1 ESSEX REGION SOURCE PROTECTION AREA 2017 RISK MANAGEMENT SERVICES ANNUAL PROGRESS REPORT Prepared by: Leamington / Pelee Island / Tecumseh / Windsor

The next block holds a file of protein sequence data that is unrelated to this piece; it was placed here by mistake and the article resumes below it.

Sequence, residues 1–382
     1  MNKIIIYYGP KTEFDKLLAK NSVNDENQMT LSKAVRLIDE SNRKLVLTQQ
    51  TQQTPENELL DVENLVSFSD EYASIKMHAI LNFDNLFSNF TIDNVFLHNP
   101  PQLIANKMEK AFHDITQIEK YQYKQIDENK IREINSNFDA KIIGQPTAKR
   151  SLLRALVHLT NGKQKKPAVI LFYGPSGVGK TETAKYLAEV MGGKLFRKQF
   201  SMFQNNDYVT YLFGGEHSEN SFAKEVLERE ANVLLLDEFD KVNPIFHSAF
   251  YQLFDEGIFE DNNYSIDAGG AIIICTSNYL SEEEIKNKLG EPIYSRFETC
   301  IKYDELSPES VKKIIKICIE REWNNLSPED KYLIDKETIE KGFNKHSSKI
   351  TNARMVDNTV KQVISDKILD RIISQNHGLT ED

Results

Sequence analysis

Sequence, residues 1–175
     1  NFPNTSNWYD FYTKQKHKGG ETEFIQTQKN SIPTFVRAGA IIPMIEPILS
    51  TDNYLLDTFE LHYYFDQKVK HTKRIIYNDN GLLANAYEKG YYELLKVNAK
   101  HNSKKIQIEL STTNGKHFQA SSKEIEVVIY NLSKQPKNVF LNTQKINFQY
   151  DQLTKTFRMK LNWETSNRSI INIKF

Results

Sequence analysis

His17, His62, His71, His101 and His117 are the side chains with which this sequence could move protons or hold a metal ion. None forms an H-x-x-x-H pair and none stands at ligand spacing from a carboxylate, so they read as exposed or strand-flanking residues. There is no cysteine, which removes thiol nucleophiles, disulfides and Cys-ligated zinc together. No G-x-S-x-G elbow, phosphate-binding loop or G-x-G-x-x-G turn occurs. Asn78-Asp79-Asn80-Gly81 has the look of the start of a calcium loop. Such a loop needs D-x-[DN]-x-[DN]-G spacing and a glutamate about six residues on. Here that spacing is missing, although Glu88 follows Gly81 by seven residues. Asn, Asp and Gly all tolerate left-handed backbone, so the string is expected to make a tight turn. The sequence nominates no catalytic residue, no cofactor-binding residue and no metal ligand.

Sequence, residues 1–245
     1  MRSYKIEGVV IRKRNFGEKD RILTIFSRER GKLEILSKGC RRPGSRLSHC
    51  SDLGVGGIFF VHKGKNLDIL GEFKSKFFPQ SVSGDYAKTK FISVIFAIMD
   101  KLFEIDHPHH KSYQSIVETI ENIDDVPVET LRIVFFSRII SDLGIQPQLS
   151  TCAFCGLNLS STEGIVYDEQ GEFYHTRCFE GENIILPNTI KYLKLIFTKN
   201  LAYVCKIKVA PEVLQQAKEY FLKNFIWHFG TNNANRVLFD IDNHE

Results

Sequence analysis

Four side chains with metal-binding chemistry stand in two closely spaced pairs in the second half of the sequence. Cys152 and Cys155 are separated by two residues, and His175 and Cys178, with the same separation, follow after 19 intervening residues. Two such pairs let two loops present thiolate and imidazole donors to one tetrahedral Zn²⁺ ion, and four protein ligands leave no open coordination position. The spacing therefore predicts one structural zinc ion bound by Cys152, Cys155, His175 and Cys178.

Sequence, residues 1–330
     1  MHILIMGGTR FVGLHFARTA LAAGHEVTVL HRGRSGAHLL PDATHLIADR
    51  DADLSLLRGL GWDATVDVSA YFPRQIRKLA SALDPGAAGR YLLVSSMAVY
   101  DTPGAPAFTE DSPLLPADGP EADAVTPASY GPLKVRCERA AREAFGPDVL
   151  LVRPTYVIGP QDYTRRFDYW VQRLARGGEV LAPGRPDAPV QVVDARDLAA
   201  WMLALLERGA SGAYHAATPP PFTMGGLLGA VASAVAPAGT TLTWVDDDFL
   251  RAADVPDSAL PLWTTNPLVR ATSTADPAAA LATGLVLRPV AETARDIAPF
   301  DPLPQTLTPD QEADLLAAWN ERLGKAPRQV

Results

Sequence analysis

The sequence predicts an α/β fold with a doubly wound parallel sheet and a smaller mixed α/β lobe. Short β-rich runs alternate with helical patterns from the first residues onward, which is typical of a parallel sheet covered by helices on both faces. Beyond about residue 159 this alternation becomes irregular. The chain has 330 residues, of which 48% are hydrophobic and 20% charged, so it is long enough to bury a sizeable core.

2 PART IV IMPLEMENTATION RISK MANAGEMENT SERVICES INTRODUCTION Source water is the water that we take from lakes or rivers to supply people with drinking water. The Clean Water Act is part of the Ontario government s commitment to ensure access to safe drinking water. It requires the development and implementation of local watershed-based Source Protection Plans (SPP) to protect the source water that supplies municipal drinking water systems from contamination and overuse, now and into the future. Following an extensive process that included broad public input, the Essex Region SPP came into effect on October 1, 2015 and the Thames-Sydenham and Region SPP came into effect on December 31, Both SPPs contain policies written under Part IV of the Clean Water Act, which municipalities are required to implement. In 2015, all municipalities in the Essex Region delegated their Risk Management Services, required to meet the municipalities obligations under Part IV of the Clean Water Act, 2006, to the Essex Region Conservation Authority. The Risk Management Official/Risk Management Inspector (RMO/I) provides these services on behalf of the municipalities in the Essex Region Source Protection Area (ERSPA), as well as the southernmost portion of the Thames-Sydenham and Region Source Protection Region (TSR), which includes parts of the Town of Lakeshore, the Municipality of Leamington, and the Municipality of Chatham-Kent. The Essex Region Risk Management Office collaborates with the Thames-Sydenham and Region Source Protection Authority to ensure consistent implementation of our similar policies. The terms of the agreement with the municipalities will expire on September 30, The process of renegotiation of this agreement will begin in the spring of The following is a summary of progress made toward implementing the Essex Region Source Protection Plan Part IV policies between October 1, 2015 and December 31, PART IV POLICIES Polices written under Part IV of the Clean Water Act can be used to prohibit (Section 57) or manage (Section 58) activities identified as Significant Drinking Water Threats (SDWTs). These policies apply to both existing and future (new) SDWTs. In the Essex Region SPP, activities are only prohibited (Section 57) if they are not known to occur in identified vulnerable areas and are not likely to occur in the future. The majority of identified SDWTs will be managed with a Risk Management Plan (RMP) (Section 58). Policies written using section 59 of the Clean Water Act, 2006, are intended to act as a screening tool by municipal planning and building staff to identify any potential future (new) SDWTs that would be subject to Section 57 or Section 58 policies. The above grade handling and storage of large volumes of liquid fuel was identified as a Significant Drinking Water Threat (SDWT) in the Essex Region SPP. Using the event based